Dec. 12 (Bloomberg) -- Turkey’s economy expanded a faster- than-expected 8.2 percent in the third quarter, while the 12- month current-account deficit climbed to a record, defying central-bank attempts to engineer a slowdown and narrow the gap.
The current-account gap in October was $4.2 billion, taking the 12-month cumulative deficit to $78.6 billion, the central bank in Ankara said today. That’s about 10 percent of gross domestic product, which expanded for an eighth consecutive quarter in the three months to September. The pace of growth in the third quarter was exceeded only by China among the Group of 20 major economies.
Governor Erdem Basci said today that the economy is posed for a “soft landing” as monetary tightening in October takes effect. The bank is tracking inflation and may squeeze further by restricting open-market funding to banks, he said. The International Monetary Fund said in a Dec. 7 report that bank’s policies aren’t working and the economy now risks a sharp slowdown.
Recent data paint a mixed picture of the global economy. While a report on Dec. 9 showed German exports fell and India’s government said today that output shrank for the first time in more than two years, U.S. consumer confidence rose to a six- month high in December, according to the Thomson Reuters/University of Michigan preliminary index of consumer sentiment.
‘Growing Too Fast’
“The Turkish economy was growing too fast for its own good in the first three quarters and we’re going to have to see a major adjustment,” Inan Demir, chief economist for Finansbank AS, said in a telephone interview. “Given that we began the year with an agenda of reducing growth, our forecast of 8.3 percent for the full year is not a successful outcome.”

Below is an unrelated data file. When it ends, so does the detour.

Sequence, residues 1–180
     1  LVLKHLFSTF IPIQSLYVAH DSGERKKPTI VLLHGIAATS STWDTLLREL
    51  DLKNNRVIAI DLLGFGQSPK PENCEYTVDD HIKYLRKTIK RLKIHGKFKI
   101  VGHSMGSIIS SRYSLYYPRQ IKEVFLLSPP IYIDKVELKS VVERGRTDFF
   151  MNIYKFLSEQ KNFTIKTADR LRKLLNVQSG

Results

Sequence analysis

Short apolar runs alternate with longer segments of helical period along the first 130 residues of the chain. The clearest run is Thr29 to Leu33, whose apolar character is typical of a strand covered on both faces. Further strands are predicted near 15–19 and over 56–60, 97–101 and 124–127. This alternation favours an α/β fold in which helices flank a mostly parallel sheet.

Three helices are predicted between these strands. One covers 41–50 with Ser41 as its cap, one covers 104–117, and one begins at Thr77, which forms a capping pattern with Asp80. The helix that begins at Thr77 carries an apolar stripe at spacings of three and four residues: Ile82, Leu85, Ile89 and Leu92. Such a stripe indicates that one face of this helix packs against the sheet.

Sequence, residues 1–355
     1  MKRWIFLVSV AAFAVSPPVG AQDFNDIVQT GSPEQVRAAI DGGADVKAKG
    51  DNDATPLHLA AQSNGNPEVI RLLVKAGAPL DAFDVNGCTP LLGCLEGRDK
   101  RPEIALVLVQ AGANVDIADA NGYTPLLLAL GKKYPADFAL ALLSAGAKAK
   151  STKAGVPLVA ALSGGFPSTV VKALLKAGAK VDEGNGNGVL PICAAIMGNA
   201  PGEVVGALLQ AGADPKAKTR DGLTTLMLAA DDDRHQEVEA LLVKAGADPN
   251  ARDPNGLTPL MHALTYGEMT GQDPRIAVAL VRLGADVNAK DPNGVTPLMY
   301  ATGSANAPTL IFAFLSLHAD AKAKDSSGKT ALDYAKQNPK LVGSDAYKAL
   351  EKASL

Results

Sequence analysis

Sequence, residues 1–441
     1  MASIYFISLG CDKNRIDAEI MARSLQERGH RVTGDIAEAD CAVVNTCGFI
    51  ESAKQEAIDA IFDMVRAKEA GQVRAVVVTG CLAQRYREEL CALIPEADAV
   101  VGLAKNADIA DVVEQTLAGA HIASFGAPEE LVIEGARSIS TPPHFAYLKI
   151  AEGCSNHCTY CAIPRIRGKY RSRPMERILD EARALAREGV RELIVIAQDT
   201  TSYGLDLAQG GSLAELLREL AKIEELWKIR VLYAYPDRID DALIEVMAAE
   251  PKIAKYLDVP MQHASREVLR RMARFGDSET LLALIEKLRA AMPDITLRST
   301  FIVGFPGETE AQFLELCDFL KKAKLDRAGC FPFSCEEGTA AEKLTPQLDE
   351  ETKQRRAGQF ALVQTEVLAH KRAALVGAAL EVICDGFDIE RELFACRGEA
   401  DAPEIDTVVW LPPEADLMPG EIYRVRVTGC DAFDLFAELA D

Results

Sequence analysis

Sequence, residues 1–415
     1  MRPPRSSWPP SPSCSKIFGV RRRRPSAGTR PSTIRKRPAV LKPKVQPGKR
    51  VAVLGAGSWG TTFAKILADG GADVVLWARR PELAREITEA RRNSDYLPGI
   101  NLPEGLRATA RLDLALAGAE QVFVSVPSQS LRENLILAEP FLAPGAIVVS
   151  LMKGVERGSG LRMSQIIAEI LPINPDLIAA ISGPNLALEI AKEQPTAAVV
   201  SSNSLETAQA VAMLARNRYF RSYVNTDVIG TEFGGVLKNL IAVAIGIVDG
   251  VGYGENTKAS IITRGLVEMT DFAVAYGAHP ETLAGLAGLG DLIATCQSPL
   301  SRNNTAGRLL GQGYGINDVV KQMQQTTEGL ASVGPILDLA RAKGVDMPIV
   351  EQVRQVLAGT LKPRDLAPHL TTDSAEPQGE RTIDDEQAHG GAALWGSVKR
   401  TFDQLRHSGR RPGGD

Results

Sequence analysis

Yields on two-year benchmark bonds rose 9 basis points, or 0.09 percentage points, to 10.40 percent at the 5:30 p.m. close of trade in Istanbul. The main ISE National 100 share index fell 2.6 percent to 52,444.07. The currency declined 1.4 percent to 1.8677 per dollar.
The economy expanded 1.7 percent on a seasonally adjusted basis from the previous three months, the fastest rate this year, the statistics agency said. Annual growth adjusted for working days was 7.7 percent in the third quarter compared with 8.3 percent in the second.
China’s economy expanded 9.1 percent in the third quarter, while Germany, which is embroiled in Europe’s sovereign-debt crisis and is Turkey’s biggest trade partner, grew 2.6 percent.
‘Responses Were Insufficient’
“Policy responses were insufficient to prevent the development of a large current-account deficit and high inflation,” the IMF said in the report. “Monetary policy shifted to an unconventional mix of reserve requirements, the interest-rate corridor, and the policy rate, which has not demonstrated it can deliver price -- or financial -- stability.”
Now, the threat is that Europe’s sovereign-debt crisis will cut demand for Turkish exports and reduce the inflows needed to finance the current account, leading to a plunge in growth rates. Almost half of Turkey’s exports go to the European Union.